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Independent News Media

The anti-corruption agenda is in danger of forgetting its principal asset: An independent media

James Deane's picture

Sitting in a large, rain pattered, tent in the grounds of Marlborough House in London last week, I had to admit to a mixture of frustration and admiration.  Admirably hosted by the Commonwealth Secretariat, the conference was the civil society and business gathering prefacing the major Anti-Corruption Summit organised by UK Prime Minister, David Cameron. 
 
First, the admiration. Both the outcomes of the Summit and the immense energy by civil society and other leaders in informing and influencing it, are impressive.  Registries of beneficial ownership, fresh agreements on information sharing, new commitments requiring disclosure of property ownership, new signatories to the Open Government Partnership and open contracting Initiatives, the commitment from leaders of corruption affected countries and much else on display this week suggests real innovation, energy and optimism in advancing the anticorruption agenda.
 
The frustration stems from a concern that, while there is much that is new being agreed, one of the principal and most effective existing assets for checking corruption has barely featured in the discussion so far – and it is an asset which is increasingly imperilled.
 
It isn’t just people like myself who point to the critical role of an independent media.  As I’ve argued in a new working paper, when any serious review of the evidence of what actually works in reducing corruption is undertaken, it is the presence of an independent media that features consistently.  In contrast, only a few of the anti-corruption measures that have been supported by development agencies to date have been effective.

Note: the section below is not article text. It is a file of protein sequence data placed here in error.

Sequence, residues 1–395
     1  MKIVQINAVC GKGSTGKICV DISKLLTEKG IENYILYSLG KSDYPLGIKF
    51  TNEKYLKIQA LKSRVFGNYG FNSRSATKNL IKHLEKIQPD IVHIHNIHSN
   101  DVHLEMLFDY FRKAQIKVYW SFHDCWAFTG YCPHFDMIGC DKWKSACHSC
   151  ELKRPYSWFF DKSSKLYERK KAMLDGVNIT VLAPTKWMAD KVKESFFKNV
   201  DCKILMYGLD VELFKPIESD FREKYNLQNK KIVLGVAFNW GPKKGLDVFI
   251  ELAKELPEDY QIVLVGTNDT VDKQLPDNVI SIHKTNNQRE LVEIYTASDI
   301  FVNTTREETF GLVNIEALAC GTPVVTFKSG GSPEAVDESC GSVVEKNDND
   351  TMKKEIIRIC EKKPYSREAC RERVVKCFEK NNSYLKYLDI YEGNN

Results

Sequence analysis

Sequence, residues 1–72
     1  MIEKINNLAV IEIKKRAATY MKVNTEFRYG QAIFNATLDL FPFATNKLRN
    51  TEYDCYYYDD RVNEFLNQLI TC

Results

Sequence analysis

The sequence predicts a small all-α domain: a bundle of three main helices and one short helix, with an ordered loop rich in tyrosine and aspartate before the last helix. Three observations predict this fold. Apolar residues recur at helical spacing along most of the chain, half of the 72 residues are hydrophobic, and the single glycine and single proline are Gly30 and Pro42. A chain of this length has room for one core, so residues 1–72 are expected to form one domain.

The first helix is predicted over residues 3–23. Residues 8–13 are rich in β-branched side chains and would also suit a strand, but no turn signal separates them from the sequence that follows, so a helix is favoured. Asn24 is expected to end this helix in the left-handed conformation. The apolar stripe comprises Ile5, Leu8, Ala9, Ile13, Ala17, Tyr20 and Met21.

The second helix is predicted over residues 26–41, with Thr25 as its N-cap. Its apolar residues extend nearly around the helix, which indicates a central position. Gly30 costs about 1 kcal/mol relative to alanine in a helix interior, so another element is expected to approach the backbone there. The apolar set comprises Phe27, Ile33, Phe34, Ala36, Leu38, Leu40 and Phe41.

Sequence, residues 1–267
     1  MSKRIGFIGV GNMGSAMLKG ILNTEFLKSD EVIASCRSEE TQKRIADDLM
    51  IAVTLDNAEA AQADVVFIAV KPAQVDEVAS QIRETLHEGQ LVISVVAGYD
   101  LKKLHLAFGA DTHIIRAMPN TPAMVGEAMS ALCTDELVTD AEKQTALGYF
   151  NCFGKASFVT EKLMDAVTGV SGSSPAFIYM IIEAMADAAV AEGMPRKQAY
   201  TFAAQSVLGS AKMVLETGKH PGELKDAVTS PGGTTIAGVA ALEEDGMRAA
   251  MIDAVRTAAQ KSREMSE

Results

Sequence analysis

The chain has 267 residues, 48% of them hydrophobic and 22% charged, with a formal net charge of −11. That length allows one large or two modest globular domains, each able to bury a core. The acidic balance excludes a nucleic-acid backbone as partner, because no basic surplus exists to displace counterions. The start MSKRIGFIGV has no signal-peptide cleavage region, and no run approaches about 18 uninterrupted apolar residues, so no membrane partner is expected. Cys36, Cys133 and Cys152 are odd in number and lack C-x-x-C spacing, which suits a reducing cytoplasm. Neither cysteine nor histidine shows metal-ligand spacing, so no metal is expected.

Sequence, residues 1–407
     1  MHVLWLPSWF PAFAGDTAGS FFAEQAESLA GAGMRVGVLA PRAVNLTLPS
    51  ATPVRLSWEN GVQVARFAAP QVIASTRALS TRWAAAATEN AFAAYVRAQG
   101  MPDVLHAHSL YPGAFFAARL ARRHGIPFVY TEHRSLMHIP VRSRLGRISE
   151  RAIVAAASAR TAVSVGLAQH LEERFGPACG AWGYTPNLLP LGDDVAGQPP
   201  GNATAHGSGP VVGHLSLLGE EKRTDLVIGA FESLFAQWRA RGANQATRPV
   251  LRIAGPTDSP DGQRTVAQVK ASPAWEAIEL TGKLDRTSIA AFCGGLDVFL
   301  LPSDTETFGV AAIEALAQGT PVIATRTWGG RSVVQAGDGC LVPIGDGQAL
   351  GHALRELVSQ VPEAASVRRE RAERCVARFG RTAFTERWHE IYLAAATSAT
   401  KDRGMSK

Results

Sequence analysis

Weekly Wire: the Global Forum

Kalliope Kokolis's picture

These are some of the views and reports relevant to our readers that caught our attention this week.

Technology Times
Take social media seriously or lose power, CTO tells African leaders

“August 23, 2011: CEO of the Commonwealth Telecommunications Organisation (CTO), Ekwow Spio-Garbrah, has urged African leaders to take fast-growing social media such as Youtube, Facebook, Twitter and others seriously or potentially risk losing power.

Since the rise of the internet across the globe, the world’s networked population has grown from millions to billions. Social media have become a fact of life for civil society worldwide, involving many actors, regular citizens, activists, nongovernmental organisations, telecoms firms, software providers and governments, among others. Despite the fast growing influence of social media, its usage has not hit its fullest potential on the continent.” READ MORE

The Back-Handed Compliment

Sina Odugbemi's picture

Is it true that the news media - when free, plural and independent - promote effective, responsive and accountable governance? Working with Professor Pippa Norris of the Kennedy School of Government at Harvard, CommGAP has produced a major study making the case  for Yes as rigorously as we can. That study is now being prepared for the printers, and should be available soon. Yet there are times when I think; why do we need to go to great lengths to make what should be an obvious point?